Climate change is predicted to increase already severe water scarcity in the western United States. To meet the coming challenge, states should adopt more flexible water markets, which make water use more efficient and help water get to those who need it most.

Top points:

  • Selling a water right (or even changing the use to which water is put) can require a costly approval process.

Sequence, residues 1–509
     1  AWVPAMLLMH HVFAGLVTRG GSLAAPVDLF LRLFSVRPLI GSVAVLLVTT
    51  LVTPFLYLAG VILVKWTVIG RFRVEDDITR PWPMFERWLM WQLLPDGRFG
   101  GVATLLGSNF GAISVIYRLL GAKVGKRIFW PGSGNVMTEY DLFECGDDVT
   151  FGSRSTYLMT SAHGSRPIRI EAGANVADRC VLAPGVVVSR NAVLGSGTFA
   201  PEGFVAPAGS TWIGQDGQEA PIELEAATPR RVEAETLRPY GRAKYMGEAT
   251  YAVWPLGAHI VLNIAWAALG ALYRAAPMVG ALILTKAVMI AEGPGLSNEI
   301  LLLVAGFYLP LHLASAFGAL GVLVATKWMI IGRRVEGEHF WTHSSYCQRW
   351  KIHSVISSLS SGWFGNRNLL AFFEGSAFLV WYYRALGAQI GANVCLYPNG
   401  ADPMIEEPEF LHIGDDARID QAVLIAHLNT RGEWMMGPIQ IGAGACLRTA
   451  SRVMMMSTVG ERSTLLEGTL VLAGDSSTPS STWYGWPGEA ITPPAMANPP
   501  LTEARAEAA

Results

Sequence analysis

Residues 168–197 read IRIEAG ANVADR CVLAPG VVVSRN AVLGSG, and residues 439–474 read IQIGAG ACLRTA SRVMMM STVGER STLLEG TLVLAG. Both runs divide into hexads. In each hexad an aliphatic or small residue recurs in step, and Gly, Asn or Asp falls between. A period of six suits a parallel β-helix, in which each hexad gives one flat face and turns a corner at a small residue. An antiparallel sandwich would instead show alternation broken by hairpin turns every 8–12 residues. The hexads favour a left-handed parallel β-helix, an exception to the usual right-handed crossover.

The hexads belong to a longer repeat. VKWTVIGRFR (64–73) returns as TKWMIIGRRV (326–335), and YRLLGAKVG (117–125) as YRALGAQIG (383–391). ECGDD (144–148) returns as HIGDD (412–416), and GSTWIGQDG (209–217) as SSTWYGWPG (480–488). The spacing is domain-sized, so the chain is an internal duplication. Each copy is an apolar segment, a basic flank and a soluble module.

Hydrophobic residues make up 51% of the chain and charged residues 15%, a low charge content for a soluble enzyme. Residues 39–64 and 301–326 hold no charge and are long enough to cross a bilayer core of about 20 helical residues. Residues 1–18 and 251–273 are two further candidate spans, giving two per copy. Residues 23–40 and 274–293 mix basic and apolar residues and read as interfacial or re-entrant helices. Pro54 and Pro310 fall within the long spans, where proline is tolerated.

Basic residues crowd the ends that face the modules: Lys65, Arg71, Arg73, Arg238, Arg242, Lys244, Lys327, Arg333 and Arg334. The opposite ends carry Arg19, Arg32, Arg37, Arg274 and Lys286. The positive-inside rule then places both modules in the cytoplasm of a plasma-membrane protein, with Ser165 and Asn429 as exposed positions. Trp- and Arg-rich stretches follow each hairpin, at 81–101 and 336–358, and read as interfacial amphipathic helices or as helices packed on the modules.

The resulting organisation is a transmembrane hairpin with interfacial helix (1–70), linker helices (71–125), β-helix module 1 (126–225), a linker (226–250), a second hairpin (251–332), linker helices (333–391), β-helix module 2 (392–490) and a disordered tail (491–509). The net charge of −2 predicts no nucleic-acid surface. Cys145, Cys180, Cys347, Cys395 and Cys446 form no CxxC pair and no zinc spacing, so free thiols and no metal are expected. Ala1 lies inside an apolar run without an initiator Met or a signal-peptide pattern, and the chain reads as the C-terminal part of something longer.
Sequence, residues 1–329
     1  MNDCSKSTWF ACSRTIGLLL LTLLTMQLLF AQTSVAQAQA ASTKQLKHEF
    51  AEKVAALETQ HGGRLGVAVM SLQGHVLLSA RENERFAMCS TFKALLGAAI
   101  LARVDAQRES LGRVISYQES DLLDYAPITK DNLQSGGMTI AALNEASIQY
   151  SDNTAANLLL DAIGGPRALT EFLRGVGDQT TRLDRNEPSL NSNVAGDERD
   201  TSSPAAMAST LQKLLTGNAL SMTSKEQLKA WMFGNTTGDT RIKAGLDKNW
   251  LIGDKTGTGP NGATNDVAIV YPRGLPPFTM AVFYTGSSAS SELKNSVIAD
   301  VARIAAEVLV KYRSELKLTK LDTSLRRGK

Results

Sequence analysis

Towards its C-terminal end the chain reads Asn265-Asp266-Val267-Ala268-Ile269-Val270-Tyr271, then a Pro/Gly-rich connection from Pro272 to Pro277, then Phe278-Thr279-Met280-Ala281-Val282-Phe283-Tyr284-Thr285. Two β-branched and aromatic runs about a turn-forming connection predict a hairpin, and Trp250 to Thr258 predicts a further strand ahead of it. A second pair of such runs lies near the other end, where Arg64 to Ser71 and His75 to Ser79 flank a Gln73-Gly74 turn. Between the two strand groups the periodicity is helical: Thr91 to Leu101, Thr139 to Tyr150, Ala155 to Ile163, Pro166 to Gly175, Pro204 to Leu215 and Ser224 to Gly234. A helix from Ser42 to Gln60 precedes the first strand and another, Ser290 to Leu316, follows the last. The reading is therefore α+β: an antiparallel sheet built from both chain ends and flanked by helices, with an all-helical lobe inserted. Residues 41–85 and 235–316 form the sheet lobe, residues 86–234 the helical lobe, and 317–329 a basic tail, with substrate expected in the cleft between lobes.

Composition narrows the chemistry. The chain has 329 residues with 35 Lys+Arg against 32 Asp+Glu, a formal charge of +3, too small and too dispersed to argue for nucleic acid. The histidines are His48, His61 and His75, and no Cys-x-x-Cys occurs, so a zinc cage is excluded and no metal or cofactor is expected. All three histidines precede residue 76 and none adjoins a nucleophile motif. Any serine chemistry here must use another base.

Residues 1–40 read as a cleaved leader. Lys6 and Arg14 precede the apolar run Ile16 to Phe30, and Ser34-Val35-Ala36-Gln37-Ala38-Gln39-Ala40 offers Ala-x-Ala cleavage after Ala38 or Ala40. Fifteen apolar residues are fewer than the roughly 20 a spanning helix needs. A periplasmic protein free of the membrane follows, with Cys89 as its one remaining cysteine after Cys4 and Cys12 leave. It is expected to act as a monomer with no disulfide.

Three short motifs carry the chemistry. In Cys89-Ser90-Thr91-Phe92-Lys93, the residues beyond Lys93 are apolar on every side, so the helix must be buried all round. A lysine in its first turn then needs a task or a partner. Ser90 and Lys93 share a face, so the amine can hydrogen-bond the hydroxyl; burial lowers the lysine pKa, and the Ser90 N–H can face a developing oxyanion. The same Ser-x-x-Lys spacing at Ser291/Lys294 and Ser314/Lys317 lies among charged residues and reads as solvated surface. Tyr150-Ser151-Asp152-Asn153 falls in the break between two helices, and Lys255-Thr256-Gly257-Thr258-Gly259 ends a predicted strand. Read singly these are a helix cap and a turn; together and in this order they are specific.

• Some states penalize water right holders who find ways to conserve water by reducing their water right.
  • A ten percent increase in the price of water can reduce demand by up to six percent.
  • While urban water users typically pay between $1 to $3 per thousand gallons of water, many farmers pay only a few pennies per thousand gallons.
  • Storing water can be an effective way to deal with the prospect of drought.


Image credit: Zwiebackesser